3 –  I see a lot of  equipment advertised as “Like new”. Problem is it is priced like it is new as well.  If the equipment has been used, has no warranty,  shows any wear or tear – it should be less than new price. It should not be the same or more. Of course if it is a unusual piece or a collectors item that is different). I just saw a package deal of camera and a couple lenses for $1100 Like new. New price today is $850.00 plus GST – something is wrong with this when you can by new cheaper than used.  Also a lot of photography equipment is listed as “collector piece” and all it is good for is as a paper weight. It is not a collector piece and you can probably buy the same thing at a second hand store for a couple dollars, not the $200 that they are asking.

4 – Try it out with your equipment and take pictures with it.  Then look at the digital files (or negatives) before buying. It may look like it works but only by closer examination will you find a problem.  I remember a client bringing in a camera package that they were going to buy. I checked it out and everything looked great.  He shot a roll of film, had it developed and found that the camera had a MAJOR light leak.

5 – Don’t rush into it. “Limited time offers” or “I have another person that wants this” is more than likely a lie. Usually is done to pressure you and many times people are trying to hide something.

If you are concerned that something is not right walk away. If it feels wrong or to good to be true it usually is.

Please follow and like us:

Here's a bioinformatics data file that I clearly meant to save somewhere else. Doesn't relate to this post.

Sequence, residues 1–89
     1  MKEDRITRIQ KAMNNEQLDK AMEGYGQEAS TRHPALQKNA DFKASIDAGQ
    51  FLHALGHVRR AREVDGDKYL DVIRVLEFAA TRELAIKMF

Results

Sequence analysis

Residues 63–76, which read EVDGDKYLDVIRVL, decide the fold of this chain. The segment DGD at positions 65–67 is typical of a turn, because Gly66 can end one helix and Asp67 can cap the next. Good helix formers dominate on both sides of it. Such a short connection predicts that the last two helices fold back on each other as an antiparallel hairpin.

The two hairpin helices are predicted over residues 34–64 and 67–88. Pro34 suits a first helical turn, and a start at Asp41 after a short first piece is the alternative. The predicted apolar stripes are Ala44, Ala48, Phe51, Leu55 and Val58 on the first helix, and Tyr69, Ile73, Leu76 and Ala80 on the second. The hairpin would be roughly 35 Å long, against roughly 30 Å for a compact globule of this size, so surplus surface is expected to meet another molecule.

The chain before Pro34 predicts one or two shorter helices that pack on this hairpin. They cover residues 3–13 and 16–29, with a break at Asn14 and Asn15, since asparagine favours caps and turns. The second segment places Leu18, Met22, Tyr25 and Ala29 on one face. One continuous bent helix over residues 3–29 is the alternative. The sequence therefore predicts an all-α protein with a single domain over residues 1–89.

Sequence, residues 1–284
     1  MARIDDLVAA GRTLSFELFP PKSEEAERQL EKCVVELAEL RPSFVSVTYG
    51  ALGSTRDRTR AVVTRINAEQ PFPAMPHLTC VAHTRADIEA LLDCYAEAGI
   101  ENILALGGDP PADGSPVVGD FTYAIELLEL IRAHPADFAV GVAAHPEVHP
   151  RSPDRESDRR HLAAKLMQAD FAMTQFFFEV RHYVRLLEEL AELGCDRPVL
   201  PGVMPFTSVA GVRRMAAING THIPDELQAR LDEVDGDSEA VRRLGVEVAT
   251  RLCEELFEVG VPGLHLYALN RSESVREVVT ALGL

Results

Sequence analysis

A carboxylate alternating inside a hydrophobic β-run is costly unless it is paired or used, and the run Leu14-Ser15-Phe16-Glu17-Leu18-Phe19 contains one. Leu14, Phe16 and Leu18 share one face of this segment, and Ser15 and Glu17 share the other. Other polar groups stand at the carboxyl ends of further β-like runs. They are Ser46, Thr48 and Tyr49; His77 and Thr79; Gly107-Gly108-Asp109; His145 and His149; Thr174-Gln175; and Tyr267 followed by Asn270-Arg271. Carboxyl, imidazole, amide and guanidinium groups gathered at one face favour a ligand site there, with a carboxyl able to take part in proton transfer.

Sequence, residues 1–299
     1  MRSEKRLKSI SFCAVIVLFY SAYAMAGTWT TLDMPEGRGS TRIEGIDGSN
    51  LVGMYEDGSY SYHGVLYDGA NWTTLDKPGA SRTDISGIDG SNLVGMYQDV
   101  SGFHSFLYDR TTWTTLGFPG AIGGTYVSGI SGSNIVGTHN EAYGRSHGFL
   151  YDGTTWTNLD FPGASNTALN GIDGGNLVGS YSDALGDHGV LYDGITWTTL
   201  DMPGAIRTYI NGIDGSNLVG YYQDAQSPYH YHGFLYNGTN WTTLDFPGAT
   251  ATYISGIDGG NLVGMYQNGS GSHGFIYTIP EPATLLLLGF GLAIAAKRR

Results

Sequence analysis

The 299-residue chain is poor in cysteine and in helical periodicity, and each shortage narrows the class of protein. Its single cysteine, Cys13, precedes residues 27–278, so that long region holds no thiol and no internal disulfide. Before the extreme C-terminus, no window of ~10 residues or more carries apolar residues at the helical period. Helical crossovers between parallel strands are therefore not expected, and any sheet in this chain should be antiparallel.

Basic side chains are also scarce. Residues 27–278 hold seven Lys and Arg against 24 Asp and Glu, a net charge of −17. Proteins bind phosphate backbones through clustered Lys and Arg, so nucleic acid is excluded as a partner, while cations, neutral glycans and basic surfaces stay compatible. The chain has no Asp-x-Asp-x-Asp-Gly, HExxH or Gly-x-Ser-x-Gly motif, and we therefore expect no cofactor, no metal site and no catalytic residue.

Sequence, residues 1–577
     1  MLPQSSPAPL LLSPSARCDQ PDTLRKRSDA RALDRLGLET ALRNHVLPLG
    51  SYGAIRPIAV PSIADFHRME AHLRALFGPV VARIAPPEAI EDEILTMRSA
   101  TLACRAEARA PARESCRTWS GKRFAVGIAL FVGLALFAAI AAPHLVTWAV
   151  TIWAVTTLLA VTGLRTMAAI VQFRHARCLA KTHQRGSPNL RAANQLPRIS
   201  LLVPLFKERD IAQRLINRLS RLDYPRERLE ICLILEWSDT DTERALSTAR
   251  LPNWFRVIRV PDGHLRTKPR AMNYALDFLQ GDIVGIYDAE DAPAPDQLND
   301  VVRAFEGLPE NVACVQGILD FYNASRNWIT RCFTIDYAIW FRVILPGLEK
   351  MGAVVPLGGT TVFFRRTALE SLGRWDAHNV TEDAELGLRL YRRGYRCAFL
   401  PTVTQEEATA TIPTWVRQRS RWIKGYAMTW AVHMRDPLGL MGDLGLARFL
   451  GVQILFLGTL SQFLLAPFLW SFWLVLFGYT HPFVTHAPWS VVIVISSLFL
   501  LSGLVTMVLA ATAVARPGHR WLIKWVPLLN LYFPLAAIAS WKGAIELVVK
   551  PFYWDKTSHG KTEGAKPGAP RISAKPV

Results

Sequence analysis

Caring for your camera card.

I am often asked about how to look after a camera card so that it will last and not give any problems.  Well a few simple ideas will help your camera card last as long, or longer than your camera.

1 – Very simple buy a good quality camera card to start with.  Sandisk,  Kingston, Lexar are three of the better card manufacturers out there.  The only time that I have seen problems with new cards is when people have bought cheap no name cards.

2- Format, format and format.  When you buy a new card  – format it before use.  After taking the files off the card and saving to your computer, format the card.  When using in different cameras format the card.  This will save a lot of problems and help your card, and the file system, to stay clean and run great.

3 – Use the card with your computers and only your computers.  If you want to take images to a friends, or to some place to have the images printed. Use a USB stick.  I hear a lot of horror stories about people taking their camera card in to get prints and the card gets corrupted or ruined. This is another reason why you should never keep pictures on your card. Once corrupted many times the images are gone forever.

4 – Don’t let your dog chew on the card or drive over it in your truck. Enough said and yes this happens.

With some care your camera card should last you a long time and take thousands of pictures without a problem.

Please follow and like us: